Eris: Plutoid, Dwarf Planet, or 10th Planet?

Eris was discovered on January 5, 2005 by Michael E. Brown, Chad Trujillo, and David A. Rabinowitz. Its orbit is more eccentric and more highly inclined than Pluto’s, and it is almost as large as Pluto, having a diameter that is 97.9% that of Pluto. Eris last came to perihelion on July 23, 1699 when it was in the constellation Virgo shining at a magnitude of 14.8, well beyond the reach of any telescopes existing at the time.

Pluto, Eris, and Satellites – Sizes and Orbital Distances to Scale

Eris has an orbit that is so eccentric (e = 0.44) that it actually spends some time each orbit closer to the Sun than Pluto is during the outer reaches of its orbit. Pluto’s aphelion distance is 49.31 AU, and Eris will be closer to the Sun than that for 99 years, from 2208 to 2307.

Eris is closer to the Sun than Pluto’s average distance of 40.70 AU for 43 years, between 2236 and 2279. Eris again reaches perihelion in 2257, when it will be 38.09 AU from the Sun.

Eris has an orbit that is tilted at nearly a 45° angle with respect to the ecliptic. This takes it through some interesting constellations during its 559-year orbital period. Here is its upcoming travel itinerary.

Upcoming Travel Plans for Eris (not subject to change1)

2022   Cetus
2036   Pisces
2059   Cetus
2064   Aries
2126   Perseus
2174   Camelopardalis
2197   Lynx
2208   Ursa Major
2237   Canes Venatici
2245   Coma Berenices
2256   Virgo
2274   Libra
2281   Hydra
2285   Centaurus
2286   Lupus
2298   Norma
2308   Ara
2320   Pavo
2357   Indus
2367   Tucana
2376   Grus
2399   Phoenix
2434   Sculptor
2487   Cetus

1 Unless the constellation boundaries are redrawn due to precession or other considerations

In Greek & Roman mythology, Eris is the goddess of strife and discord. 500 years hence, in 2522, Eris will once again be in Cetus, as it is today. But where will we be? What kind of life will our great-great-great-great great-great-great-great-great-great-great-great-great great-great grandchildren have in 2522? Here are some of my hopes for 2522.

  • Humanism will have replaced religion.
  • There will be no poverty in the world.
  • Everyone will have adequate health care, and it will be free.
  • Zero population growth will have been achieved by the only humane way possible: having fewer children.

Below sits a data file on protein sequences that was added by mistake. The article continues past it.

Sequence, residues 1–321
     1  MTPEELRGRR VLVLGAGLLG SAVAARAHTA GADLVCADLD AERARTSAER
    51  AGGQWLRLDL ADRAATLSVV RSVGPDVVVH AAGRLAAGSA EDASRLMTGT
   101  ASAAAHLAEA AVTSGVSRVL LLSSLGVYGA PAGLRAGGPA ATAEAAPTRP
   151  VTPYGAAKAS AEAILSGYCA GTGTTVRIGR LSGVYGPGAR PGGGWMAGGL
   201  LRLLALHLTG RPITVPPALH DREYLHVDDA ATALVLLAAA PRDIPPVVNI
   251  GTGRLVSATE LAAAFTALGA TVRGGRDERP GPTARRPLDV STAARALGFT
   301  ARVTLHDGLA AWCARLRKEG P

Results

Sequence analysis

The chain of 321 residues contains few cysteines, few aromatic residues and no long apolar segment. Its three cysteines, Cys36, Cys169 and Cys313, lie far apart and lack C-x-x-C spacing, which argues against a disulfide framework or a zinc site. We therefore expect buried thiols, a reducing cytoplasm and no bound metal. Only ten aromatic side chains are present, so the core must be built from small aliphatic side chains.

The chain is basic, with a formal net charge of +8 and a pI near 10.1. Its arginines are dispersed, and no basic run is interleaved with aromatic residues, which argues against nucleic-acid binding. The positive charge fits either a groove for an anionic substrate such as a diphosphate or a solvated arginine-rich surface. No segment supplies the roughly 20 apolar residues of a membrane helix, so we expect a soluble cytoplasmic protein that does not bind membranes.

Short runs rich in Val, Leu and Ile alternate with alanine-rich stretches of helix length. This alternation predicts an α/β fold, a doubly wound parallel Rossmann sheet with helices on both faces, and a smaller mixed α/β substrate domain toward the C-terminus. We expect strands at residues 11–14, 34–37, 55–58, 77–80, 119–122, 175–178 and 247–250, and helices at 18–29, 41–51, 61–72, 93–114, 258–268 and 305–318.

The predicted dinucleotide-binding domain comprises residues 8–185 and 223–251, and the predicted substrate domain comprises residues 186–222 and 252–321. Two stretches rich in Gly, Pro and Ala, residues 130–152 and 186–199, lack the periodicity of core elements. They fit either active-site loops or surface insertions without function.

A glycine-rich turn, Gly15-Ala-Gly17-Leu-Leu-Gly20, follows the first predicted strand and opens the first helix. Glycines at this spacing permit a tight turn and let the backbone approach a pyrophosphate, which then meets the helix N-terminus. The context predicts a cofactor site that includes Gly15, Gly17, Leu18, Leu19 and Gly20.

• There will be no more wars, no weapons of mass destruction.
  • There will be no need for guns, and no one will have them.
  • Violence will not be tolerated, nor will society glorify it or dwell on it in any way.
  • Individuals who “cross the line” and violate others through the use of physical violence will be psychologically re-engineered so they will live productive and fulfilling lives without being a threat to others. This neutralization of violent tendencies must be accomplished humanely and in a way that does not violate the individual’s essential humanity.
  • The Earth will be treated as the oasis it is.
  • Money will no longer exist, nor will it be needed.

Though no one alive today is likely to ever see any of these things, that in no way excuses us from working substantially towards these goals. To do anything less is a dereliction of moral duty.

Non-Profit Mail Overload

I receive enough solicitations in the mail from non-profit organizations to fill a 10-ream paper box every couple of months. I don’t think I have ever seen it this bad. I know that needs are great and worthwhile causes many, but giving $25 to an organization supporting cause xyz should not result in a dozen other organizations supporting similar causes mailing me multiple times each year.

There has to be a better way. Catalog companies had to solve this problem decades ago because of the expense of printing and mailing catalogs to existing and prospective customers. You mail your best customers often, those who don’t spend much or purchase infrequently less often, and prospective customers maybe once in a great while.

If the U.S. Postal Service continues to have financial problems, one source of revenue would be to increase the non-profit postage rate, and that would force many non-profit organizations to use a more sophisticated approach for their mailings.

Why not start now? I’d like to see a non-profit organization established whose sole purpose is to help other non-profit organizations to mail donors and prospective donors efficiently. Let’s give it a placeholder name: Nonprofit Mailing Association (NMA). Each participating non-profit organization would confidentially provide their donor lists and contribution history for each donor to NMA, and NMA in turn would use the data received from your organization and other non-profit organizations to rank-order donors based on likelihood to contribute and amount likely to contribute.

In the marketing business, this process is called “modeling”. Each model needs to take into consideration the amount you give (are you a $25 or $500 donor?), the frequency you give (monthly, 2-3 times a year, annually, or every couple of years or so), and to which non-profits. Other behaviors need to be taken into account. Does the donor tend to support organizations that they seek out directly, or are they more likely to respond to prospect mailings?

This modeling will result in fewer mailings but a lower acquisition cost per donor. From a donor standpoint, hopefully this will stop frequent mailings to individuals who have never donated to an organization. Once a year is often enough. Anything more borders on harassment. Besides, is the average person more likely to look at a non-profit mailing if they receive one in the mail on average each day or ten?